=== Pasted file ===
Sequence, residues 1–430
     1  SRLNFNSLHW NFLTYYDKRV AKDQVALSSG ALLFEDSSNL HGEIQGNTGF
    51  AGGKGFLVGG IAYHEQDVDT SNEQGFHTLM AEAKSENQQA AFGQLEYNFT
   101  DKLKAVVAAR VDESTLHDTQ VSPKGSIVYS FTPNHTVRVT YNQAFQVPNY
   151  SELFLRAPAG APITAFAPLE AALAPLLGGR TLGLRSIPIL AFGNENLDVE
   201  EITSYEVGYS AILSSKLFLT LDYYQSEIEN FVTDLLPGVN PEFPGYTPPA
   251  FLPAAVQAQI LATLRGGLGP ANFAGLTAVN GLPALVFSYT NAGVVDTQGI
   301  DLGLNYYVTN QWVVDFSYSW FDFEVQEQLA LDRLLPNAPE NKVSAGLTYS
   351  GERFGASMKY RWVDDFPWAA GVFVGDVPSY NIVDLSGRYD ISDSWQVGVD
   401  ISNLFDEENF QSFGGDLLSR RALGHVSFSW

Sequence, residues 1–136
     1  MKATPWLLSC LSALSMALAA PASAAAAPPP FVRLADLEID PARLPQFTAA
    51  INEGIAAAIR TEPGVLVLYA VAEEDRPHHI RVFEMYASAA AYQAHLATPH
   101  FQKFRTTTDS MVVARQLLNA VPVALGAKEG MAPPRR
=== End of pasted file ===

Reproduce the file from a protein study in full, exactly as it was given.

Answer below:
Sequence, residues 1–430
     1  SRLNFNSLHW NFLTYYDKRV AKDQVALSSG ALLFEDSSNL HGEIQGNTGF
    51  AGGKGFLVGG IAYHEQDVDT SNEQGFHTLM AEAKSENQQA AFGQLEYNFT
   101  DKLKAVVAAR VDESTLHDTQ VSPKGSIVYS FTPNHTVRVT YNQAFQVPNY
   151  SELFLRAPAG APITAFAPLE AALAPLLGGR TLGLRSIPIL AFGNENLDVE
   201  EITSYEVGYS AILSSKLFLT LDYYQSEIEN FVTDLLPGVN PEFPGYTPPA
   251  FLPAAVQAQI LATLRGGLGP ANFAGLTAVN GLPALVFSYT NAGVVDTQGI
   301  DLGLNYYVTN QWVVDFSYSW FDFEVQEQLA LDRLLPNAPE NKVSAGLTYS
   351  GERFGASMKY RWVDDFPWAA GVFVGDVPSY NIVDLSGRYD ISDSWQVGVD
   401  ISNLFDEENF QSFGGDLLSR RALGHVSFSW

Sequence, residues 1–136
     1  MKATPWLLSC LSALSMALAA PASAAAAPPP FVRLADLEID PARLPQFTAA
    51  INEGIAAAIR TEPGVLVLYA VAEEDRPHHI RVFEMYASAA AYQAHLATPH
   101  FQKFRTTTDS MVVARQLLNA VPVALGAKEG MAPPRR